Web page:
NIOSH surveys long-haul truck drivers about safety
National Institute of Occupational Safety and Health (NIOSH) researchers went to 32 truck stops across the U.S. to collect safety data on long-haul truck drivers (LHTDs) – a group for which there’s limited occupational injury and safety data.
Approximately 1,701,500 people were employed as heavy and tractor-trailer truck drivers in the United States in 2012, the majority of them were LHTDs.
NIOSH surveyed 1,265 LHTDs in 2010 about truck crashes, near misses, moving violations, work-related injuries, work environment, safety climate, driver training, job satisfaction, and driving behaviors.
Results suggested that an estimated 2.6% of LHTDs reported a truck crash in 2010, 35% reported at least one crash while working as an LHTD, 24% reported at least one near miss in the previous 7 days, 17% reported at least one moving violation ticket and 4.7% reported a non-crash injury involving days, t away from work in the previous 12 months. The majority (68%) of non-crash injuries among company drivers were not reported to employers.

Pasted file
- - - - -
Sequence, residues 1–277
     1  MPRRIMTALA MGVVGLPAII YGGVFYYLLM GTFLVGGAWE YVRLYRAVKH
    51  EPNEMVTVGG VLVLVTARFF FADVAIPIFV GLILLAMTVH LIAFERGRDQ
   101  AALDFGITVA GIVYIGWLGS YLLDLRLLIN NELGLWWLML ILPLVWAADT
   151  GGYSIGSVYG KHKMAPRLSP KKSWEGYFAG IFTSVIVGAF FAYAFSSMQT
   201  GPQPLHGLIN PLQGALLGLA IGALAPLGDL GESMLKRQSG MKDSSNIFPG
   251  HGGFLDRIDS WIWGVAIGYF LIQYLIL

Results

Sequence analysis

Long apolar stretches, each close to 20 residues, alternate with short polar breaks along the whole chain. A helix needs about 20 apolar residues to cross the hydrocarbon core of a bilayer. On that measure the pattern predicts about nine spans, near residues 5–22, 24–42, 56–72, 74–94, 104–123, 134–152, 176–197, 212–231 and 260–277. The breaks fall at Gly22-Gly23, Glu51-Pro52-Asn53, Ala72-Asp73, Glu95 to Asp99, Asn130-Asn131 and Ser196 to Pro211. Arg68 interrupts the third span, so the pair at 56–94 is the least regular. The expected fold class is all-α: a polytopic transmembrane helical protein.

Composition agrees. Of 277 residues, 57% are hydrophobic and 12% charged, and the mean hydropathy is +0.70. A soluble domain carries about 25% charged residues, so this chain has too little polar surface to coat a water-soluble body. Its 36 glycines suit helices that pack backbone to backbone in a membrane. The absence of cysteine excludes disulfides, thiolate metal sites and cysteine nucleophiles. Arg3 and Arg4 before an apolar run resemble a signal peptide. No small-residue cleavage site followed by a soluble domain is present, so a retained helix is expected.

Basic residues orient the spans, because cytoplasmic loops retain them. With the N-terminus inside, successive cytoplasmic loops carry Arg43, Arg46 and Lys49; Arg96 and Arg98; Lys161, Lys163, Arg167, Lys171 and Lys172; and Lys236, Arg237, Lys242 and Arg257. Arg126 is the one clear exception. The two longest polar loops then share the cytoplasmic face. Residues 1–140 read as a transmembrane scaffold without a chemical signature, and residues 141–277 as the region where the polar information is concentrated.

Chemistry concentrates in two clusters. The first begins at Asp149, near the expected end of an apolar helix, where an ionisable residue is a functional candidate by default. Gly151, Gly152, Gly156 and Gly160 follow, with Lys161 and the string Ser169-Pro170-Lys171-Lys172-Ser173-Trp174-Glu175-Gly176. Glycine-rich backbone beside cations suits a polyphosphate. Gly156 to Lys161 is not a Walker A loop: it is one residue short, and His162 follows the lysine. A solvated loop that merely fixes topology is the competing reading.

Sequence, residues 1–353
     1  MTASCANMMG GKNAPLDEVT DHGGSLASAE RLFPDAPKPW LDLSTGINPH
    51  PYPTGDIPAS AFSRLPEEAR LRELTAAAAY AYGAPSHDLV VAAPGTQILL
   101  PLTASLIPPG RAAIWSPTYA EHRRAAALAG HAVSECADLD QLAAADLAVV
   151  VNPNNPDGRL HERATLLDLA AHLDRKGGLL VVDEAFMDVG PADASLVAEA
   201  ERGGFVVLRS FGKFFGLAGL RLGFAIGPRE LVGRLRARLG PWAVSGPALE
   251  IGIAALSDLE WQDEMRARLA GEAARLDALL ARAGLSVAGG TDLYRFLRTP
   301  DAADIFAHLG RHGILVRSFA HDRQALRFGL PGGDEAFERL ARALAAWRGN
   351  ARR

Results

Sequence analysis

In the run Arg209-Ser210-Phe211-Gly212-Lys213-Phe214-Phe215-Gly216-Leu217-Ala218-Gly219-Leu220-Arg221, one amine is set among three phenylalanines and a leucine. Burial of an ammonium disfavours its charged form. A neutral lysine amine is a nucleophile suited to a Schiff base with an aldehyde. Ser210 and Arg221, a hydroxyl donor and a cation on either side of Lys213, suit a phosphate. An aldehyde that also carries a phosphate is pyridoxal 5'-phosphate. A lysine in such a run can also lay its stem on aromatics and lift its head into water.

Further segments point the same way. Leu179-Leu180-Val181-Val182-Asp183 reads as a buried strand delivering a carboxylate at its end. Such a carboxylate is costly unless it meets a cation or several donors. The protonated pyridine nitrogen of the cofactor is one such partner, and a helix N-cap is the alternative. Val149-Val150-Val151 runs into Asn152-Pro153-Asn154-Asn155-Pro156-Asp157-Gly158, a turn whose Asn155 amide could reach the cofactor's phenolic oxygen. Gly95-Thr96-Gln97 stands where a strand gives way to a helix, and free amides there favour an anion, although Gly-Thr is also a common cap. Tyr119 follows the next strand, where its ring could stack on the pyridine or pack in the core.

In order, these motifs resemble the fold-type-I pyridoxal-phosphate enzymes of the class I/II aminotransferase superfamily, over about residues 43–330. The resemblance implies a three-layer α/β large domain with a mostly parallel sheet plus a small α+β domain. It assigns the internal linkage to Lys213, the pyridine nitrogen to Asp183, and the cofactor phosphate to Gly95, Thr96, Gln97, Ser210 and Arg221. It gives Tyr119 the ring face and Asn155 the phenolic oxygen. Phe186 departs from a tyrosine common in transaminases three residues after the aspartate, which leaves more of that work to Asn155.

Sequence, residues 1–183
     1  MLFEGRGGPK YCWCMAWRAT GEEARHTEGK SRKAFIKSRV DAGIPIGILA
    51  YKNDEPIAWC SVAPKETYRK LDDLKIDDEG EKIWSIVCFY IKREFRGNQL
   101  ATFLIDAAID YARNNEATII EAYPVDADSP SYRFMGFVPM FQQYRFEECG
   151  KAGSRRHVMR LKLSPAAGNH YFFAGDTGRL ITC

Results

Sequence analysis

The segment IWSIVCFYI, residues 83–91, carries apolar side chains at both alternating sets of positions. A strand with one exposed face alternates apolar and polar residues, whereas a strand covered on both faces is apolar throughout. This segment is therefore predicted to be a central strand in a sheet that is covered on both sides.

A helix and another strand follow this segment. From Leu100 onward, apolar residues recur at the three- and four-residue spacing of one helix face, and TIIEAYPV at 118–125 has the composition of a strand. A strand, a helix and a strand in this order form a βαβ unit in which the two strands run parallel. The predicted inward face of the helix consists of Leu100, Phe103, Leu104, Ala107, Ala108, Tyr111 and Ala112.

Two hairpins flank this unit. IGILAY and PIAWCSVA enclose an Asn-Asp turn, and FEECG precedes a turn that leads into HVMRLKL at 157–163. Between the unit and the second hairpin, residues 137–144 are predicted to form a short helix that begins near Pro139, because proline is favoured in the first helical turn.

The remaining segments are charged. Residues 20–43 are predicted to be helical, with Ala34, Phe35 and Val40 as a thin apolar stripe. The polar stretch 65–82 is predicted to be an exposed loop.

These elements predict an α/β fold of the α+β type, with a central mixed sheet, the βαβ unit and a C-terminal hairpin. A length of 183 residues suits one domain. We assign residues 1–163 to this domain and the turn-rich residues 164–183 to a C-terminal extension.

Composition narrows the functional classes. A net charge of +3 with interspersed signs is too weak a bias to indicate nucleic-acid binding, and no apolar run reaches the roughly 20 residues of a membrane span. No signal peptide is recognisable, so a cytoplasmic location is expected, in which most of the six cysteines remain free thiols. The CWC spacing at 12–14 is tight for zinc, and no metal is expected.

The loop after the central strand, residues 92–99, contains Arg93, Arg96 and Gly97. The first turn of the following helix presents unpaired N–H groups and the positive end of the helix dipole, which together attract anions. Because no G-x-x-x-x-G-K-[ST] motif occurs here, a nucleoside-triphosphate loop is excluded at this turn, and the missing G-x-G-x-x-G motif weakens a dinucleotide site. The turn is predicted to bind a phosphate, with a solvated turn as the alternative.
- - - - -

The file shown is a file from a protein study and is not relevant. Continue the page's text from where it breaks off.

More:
An estimate of 73% of LHTDs (16% often and 58% sometimes) perceived their delivery schedules unrealistically tight; 24% often continued driving despite fatigue, bad weather, or heavy traffic because they needed to deliver or pick up a load at a given time; 4.5% often drove 10 miles per hours or more over the speed limit; 6.0% never wore a seatbelt; 36% were often frustrated by other drivers on the road; 35% often had to wait for access to a loading dock; 37% reported being noncompliant with hours-of-service rules (10% often and 27% sometimes); 38% of LHTDs perceived their entry-level training inadequate; and 15% did not feel that safety of workers was a high priority with their management.
NIOSH says the survey brings to light a number of important safety issues for further research and interventions, e.g., high prevalence of truck crashes, injury underreporting, unrealistically tight delivery schedules, noncompliance with hours-of-service rules, and inadequate entry-level training.
Among the findings:
- 35% of long-haul truck drivers reported at least 1 crash in their career as an LHTD.
- 68% of non-crash injuries involving days away from work were not reported.
- 73% of LHTDs perceived their delivery schedules unrealistically tight.
- 37% of LHTDs reported being noncompliant with hours-of-service rules.
- 38% of LHTDs perceived their entry-level training inadequate.